Pizza

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scottcgrable
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Re: Pizza

Post by scottcgrable » December 3rd, 2015, 3:23 pm

Looking delicious Alan. I need to try making my own dough. Usually we just buy the frozen dough at Harris Teeter when it is on sale.

Here is my second try at pizza in the Big Green Egg. Cooked on a pizza stone @ around 450 degrees for 10 or so minutes. I want to try it hotter next time to see if there is much difference (BGE can go up around 900+)

This one is fresh mozzarella, tomatoes and basil. Also did a BBQ Chicken, which took the smoke a little better. Forgot to get a picture of that one though.


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Re: Pizza

Post by Alan » December 3rd, 2015, 3:55 pm

Looks good to me. Be careful with the stone. Sometimes if they get too hot they'll crack. Making dough is pretty easy if you have a mixer. Probably not that bad if you don't but don't know about that. There are 20 cups of flour in a 5# bag. 4 cups of flour makes two 14" pizza doughs. So...you can make 10 pizza's with a $2.00 bag of flour. My biggest expense is the toppings, cheese, pepps, sausage and whatever else you want to throw on it. Marinara sauce is relatively cheap because a large jar goes a long way.

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Re: Pizza

Post by andy10917 » December 3rd, 2015, 8:27 pm

Anyone here use a Pizza Steel?

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Re: Pizza

Post by Alan » December 3rd, 2015, 10:02 pm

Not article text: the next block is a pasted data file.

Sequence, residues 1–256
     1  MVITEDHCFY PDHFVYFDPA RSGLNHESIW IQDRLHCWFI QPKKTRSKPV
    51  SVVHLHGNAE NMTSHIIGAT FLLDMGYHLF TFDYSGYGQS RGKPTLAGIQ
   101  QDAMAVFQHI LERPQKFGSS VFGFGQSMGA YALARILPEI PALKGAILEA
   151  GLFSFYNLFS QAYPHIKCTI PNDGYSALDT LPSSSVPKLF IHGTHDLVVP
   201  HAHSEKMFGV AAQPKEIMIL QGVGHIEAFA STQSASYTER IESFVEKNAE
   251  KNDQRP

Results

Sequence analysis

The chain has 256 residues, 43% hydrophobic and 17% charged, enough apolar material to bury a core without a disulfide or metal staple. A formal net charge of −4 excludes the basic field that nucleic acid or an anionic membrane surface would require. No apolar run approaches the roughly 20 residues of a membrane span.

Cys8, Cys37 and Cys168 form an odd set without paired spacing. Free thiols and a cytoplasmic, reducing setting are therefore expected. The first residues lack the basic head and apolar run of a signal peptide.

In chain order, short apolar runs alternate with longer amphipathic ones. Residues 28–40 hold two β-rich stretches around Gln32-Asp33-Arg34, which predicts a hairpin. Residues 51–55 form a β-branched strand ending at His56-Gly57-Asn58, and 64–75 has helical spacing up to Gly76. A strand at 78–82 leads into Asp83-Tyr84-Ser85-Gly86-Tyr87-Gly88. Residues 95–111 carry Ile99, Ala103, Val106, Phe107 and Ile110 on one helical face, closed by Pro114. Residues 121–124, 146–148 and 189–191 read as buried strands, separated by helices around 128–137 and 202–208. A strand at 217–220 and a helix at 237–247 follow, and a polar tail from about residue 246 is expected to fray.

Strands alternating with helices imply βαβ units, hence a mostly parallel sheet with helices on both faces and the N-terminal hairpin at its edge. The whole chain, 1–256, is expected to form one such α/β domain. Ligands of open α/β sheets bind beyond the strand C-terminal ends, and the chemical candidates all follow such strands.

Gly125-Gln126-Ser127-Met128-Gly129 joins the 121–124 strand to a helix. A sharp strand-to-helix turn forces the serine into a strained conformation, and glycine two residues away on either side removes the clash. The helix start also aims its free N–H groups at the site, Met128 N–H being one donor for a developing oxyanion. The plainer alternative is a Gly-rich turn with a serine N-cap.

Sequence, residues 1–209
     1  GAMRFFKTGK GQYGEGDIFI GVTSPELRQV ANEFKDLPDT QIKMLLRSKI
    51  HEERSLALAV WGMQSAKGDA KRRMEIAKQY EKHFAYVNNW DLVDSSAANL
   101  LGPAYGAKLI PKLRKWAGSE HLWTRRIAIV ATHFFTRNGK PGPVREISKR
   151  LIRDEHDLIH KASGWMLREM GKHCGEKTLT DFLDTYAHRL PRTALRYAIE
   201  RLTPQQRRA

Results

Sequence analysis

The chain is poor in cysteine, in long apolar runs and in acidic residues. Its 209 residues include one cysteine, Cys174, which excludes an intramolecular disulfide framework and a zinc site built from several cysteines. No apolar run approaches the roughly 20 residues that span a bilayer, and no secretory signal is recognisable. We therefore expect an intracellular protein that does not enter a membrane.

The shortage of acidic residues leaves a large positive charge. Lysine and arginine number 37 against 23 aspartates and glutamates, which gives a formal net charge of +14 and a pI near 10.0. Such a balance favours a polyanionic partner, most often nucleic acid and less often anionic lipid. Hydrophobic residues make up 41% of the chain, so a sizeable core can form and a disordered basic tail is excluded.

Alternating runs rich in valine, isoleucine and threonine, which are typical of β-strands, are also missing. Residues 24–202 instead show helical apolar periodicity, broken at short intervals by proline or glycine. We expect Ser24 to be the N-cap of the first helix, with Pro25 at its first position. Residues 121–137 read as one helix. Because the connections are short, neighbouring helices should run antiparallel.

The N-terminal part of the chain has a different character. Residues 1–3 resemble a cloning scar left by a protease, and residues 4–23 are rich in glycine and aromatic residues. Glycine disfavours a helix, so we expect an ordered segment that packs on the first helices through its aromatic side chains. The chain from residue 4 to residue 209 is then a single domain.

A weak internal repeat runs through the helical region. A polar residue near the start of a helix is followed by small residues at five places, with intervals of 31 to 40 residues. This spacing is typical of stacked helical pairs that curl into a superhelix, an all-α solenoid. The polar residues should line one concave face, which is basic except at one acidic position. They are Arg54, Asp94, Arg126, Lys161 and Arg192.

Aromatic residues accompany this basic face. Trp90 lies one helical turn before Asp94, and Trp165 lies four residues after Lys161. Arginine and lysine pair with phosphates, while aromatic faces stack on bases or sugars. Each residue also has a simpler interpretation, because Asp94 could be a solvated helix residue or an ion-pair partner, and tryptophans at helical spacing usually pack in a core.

I haven't, but I'm interested in this too. From my little research, you want to get the dough(crust) pretty damn hot ASAP. A pizza should only take about 10 minutes max to cook.

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Re: Pizza

Post by andy10917 » December 3rd, 2015, 10:13 pm

My youngest son is a Culinary Institute ("CIA") grad, and swears by them. I wanted to see if any "normal" people use them.


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Re: Pizza

Post by LouisvilleGrubber » December 13th, 2015, 10:42 pm

I've used my Gig Green Egg to make pizzas for the past 10 years or so. I've decided the optimum temp is about 550 or so. You could go hotter if you go light on the toppings. But the crust will burn pretty quickly trying to melt a thick pie. Im not the only one that thinks 550 is the number. The fancy-pants Italian restaurant in town uses an egg to fire their flatbreads and pies and the chef told me he's found 550 to be the perfect temp.

A few other tips- all learned the hard way I might add:

1. Add a little honey to the dough to get a subtle sweetness

2. Use three or more cheeses. Using one cheese will make your pie taste like frozen pizza. It makes a HUGE difference. Be sure to salt it a little and add oregano.

I use obviously mozzarella, but buy the fresh ball and grate it yourself-the stuff in the zip bags at Wally World is not mozzarella. (Come on, you buy $100 bags of fungicide for your lawn for christ sakes. Don't skimp on this). I also use Provolone, Asiago,and fresh grated Parmesan ( same thing- stuff in the green can isn't cheese). The better the cheese the better the pie.

3. The key to not cracking the stone is to heat it slowly. Don't throw a cold stone onto a 600 degree fire.

4. Basil or anything leafy goes on after the pie comes off the fire or it will burn and taste bitter.

5. Have more than one peel and let everyone make their own pie. Set the ingredients out like a buffet. Kids and adults love it! While one pie is on the egg another one is being "built".